does. If I chose a single coherent system without also choosing to live with a limited lens selection I'd pretty much have to look at either Micro-4/3rds or moving back to a DSLR or SLT system. The problem here is that I have conflicting desires, I like a more versatile system but I'd really like to have a single system that I can just grab the lenses and body I think I'll need that day without having to worry about cross-compatibility. A further option is to build a coherent system and just keep the NEX-7 and 24/1.8 as a point&shoot with APS-C quality.
2 is a bit of an issue. At a minimum I need to cover the normal range, and at least one lens needs to be fast. That could be with a zoom and a fast 35-50 equivalent, a trio or quadruple of medium to fast primes, or both. I'd prefer the primes for light carry but the zoom for versatility on photowalks et al. I also need an ultra-wide, which can be a prime or zoom but has to be in the 17-21mm-e range. I also need a close-focusing short tele, either a macro or something which can focus down to 1:5 or better. This can be the long lens of the prime set if it's not a macro (I find Macro's to focus too slowly to double as my general mid-tele). And I need a set of 3 longer primes, a single zoom or a combination thereof covering the 200-400mm-e range, the long end for airshows and the occasional bird/wildlife shooting, the shorter ones for general landscape. This setup tends to argue for either a Micro-4/3rds system or a DSLR system as NEX right now just doesn't handle all those requirements.
3 is the other kicker. The NEX weight advantage makes a lot of sense when I'm carrying the camera plus a lot of other stuff. It's a lot less important for pure photographic outings. And my current situation is more similar to where I was in 2008 and before and thus a heavier system is more viable than it once was. That said, I still don't want to pay the weight budget of a full-up FF system. But an A77 or D7100 based system is quite doable on my current weight budget. I'd also really like to have a modicum of weather sealing given my liking for difficult weather and an increased interest in going out into the bush for landscape work.
I could see the following systems work.
DT 35/1.8 SAM
Pentax K-5 IIs
DA 21/3.2 Limited
DA 70/2.4 Limited
ZD 14-54 II
ZD 50-200 SWD
ZD 14-54 II
ZD 50-200 SWD
The first three systems would work OK with my NEX system, so keeping the NEX-7 and ZA E 24/1.8 would be on the table, I'd have to buy an adapter for the Pentax, but that's no big deal. The Sony system could be put together piecemeal the easiest although it would be a little odd to be rebuying at least two lenses I've sold (the 16-50 and the 35/1.8, both of which I miss). The last two would probably result in a compact body being added and paired with the 17/1.8 as a replacement (a GX1 or E-PL5 most likely).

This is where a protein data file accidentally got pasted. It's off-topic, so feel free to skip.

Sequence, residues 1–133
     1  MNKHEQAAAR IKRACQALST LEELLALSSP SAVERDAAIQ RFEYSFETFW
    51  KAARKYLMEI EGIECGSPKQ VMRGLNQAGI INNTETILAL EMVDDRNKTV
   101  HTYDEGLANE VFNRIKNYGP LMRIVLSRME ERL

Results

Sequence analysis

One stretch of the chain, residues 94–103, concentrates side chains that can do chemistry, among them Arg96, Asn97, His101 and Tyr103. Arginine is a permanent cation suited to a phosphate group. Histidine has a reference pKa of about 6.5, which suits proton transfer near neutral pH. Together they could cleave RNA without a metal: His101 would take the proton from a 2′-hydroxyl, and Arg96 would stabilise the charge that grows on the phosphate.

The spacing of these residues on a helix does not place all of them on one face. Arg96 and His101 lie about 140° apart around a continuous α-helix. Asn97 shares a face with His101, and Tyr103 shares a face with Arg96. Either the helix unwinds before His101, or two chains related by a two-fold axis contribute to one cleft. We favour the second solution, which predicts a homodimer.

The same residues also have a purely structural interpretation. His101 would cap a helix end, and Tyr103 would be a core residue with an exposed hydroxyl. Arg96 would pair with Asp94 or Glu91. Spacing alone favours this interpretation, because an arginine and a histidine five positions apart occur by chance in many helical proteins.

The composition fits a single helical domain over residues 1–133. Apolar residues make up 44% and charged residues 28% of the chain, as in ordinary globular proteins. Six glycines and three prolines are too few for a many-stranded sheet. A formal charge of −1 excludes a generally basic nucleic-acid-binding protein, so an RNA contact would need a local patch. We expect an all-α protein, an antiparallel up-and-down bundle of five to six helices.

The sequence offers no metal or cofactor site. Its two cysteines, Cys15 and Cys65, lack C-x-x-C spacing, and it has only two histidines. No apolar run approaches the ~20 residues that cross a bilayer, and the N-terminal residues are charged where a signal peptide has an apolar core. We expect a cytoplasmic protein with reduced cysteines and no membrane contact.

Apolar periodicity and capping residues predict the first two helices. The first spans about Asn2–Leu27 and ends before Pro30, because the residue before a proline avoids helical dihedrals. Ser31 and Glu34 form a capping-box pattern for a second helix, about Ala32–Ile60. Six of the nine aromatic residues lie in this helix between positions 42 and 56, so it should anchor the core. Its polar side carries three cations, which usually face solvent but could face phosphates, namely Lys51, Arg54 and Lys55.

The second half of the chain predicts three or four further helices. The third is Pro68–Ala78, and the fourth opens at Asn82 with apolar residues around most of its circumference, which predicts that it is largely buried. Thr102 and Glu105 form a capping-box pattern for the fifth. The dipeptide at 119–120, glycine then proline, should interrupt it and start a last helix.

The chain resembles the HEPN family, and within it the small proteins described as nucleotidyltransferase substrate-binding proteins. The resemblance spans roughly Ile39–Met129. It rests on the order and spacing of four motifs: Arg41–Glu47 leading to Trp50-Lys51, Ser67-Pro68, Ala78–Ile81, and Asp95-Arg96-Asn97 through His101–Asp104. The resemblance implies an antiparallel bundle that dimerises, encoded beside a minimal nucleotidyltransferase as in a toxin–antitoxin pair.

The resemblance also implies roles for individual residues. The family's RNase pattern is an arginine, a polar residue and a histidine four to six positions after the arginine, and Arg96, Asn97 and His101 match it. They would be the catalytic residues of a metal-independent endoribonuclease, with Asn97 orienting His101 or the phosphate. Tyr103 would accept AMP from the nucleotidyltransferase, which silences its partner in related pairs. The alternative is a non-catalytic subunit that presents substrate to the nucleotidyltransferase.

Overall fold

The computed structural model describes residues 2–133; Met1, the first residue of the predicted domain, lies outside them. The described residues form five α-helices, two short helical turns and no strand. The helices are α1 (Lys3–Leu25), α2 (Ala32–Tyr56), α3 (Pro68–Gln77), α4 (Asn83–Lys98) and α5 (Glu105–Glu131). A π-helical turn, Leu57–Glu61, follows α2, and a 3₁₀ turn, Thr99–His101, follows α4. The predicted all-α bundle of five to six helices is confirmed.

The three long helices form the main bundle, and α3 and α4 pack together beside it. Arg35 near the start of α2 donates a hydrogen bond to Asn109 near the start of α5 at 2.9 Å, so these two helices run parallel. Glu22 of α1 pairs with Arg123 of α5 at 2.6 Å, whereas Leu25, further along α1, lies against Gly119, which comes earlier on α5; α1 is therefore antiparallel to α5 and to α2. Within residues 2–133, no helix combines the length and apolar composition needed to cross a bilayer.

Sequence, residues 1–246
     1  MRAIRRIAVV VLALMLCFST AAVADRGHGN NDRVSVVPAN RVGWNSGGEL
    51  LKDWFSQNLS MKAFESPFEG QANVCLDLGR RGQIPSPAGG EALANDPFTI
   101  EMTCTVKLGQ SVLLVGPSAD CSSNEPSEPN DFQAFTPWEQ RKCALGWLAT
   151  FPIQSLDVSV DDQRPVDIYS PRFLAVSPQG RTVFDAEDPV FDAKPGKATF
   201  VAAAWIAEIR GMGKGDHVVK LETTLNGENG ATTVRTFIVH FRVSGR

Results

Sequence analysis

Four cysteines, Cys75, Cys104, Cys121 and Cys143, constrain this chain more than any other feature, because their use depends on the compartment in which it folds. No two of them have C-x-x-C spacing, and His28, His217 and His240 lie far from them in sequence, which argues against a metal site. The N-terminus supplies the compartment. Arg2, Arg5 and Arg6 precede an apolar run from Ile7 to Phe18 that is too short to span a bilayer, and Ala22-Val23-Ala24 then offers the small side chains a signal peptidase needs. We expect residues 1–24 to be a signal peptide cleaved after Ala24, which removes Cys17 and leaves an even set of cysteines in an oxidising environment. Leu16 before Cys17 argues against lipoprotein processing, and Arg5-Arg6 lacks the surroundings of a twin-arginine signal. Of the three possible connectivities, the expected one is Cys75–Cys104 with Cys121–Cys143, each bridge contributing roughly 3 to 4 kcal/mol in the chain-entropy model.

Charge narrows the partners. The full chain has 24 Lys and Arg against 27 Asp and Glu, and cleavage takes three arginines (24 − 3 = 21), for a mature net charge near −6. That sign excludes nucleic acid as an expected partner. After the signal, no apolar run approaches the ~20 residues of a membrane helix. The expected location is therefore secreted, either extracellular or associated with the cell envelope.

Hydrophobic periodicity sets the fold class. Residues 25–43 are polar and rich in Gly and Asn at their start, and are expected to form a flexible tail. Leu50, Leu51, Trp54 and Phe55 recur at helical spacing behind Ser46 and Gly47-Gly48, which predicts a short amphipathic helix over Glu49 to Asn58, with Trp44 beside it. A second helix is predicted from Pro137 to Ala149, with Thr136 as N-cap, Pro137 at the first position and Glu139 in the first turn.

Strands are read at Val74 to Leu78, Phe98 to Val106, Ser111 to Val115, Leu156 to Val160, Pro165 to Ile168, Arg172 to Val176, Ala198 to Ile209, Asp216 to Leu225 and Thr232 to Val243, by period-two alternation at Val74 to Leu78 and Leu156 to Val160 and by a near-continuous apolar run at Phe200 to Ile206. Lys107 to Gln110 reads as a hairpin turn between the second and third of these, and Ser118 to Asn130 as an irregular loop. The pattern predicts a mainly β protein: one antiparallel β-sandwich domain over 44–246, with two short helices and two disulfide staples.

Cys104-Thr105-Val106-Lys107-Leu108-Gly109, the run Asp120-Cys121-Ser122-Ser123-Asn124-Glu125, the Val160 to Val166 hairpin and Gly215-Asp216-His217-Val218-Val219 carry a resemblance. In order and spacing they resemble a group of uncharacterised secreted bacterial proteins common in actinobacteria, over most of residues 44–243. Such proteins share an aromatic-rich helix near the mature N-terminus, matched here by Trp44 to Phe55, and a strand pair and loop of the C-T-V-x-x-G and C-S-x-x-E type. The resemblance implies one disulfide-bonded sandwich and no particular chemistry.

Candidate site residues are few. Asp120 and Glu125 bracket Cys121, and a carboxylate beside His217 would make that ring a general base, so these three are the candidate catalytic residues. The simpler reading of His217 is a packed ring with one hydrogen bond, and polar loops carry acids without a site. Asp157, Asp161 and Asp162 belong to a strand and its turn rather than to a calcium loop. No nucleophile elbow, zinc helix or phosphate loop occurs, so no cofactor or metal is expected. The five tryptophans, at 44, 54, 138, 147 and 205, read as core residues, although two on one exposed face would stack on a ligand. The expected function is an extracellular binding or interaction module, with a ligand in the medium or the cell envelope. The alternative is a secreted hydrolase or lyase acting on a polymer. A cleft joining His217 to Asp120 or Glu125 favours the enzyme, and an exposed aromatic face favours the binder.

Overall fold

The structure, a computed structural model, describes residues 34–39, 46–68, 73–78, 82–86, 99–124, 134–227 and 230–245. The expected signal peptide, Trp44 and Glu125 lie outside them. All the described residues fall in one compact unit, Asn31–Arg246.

|Sunday, February 17th, 2013|
|Saturday, February 16th, 2013|
|More System Musings
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NEX-7, Nikkor 50mm f1.8 AI (longnose)
In the last couple of posts I didn't really discuss why I wanted something to work alongside my NEX system. This is due to some of the limitations I've run into with the NEX-7. Overall I remain extremely satisfied with the 7 but there are some things about it which frustrate me occasionally or regularly. Most of these are either issues of form factor or simple design choices.
Form Factor issues:
1. Gloved handling. The NEX-7 is small enough that it does not handle well with gloves. And it gets cold enough here in Toronto that I can't shoot ungloved in the winter. Only real solution is to use a larger body.
2. Tripod handling. The base of camera is not a secure mount for a tripod. This is partially a design choice, Sony could have significantly increased the effective base area but even then it would be limited. Easy solution in the JimBuchanan grip though (also coming for the NEX-6). This is an issue when using lenses which are mid-sized and native or on adapters without tripod feet. Not an issue with lenses large enough to have their own tripod mounts or if adapted using the Sony A mount adapters which have tripod feet or other adapters with feet, of which only my Contax adapter has. My most-used adapter, the Nikon G adapter, gives up a foot to have an aperture ring for G compatibility.
3. Handling with larger zooms. I don't mind the real long-lens handling as the NEX functions like a handle, but for shorter but still large lenses like the Sony DT 16-50/2.8 SSM, the handling is simply awkward. And there's no native equivalents for these lenses. The big deal here is the normal and wide fast zooms, I've few issues picking an 85/2.8 or 135/2.8 over the faster equivalents like the ZA135 and ZA85 that also fall into this handling gap, but I have no option to replace the 16-50 in particular. Hopefully resolved with either the G or Zeiss zooms due later this year.
Design Choice issues:
1. No remote release. Unforgivable on a $1000+ camera. I have to use either a self-time or an IR remote which can only be used from in front of the camera. Solved on the NEX-6 & 5R via the PlayMemories App which turns a smartphone into a wireless remote release amongst other things. Even better would be non-battery-draining support for the classic Alpha cable releases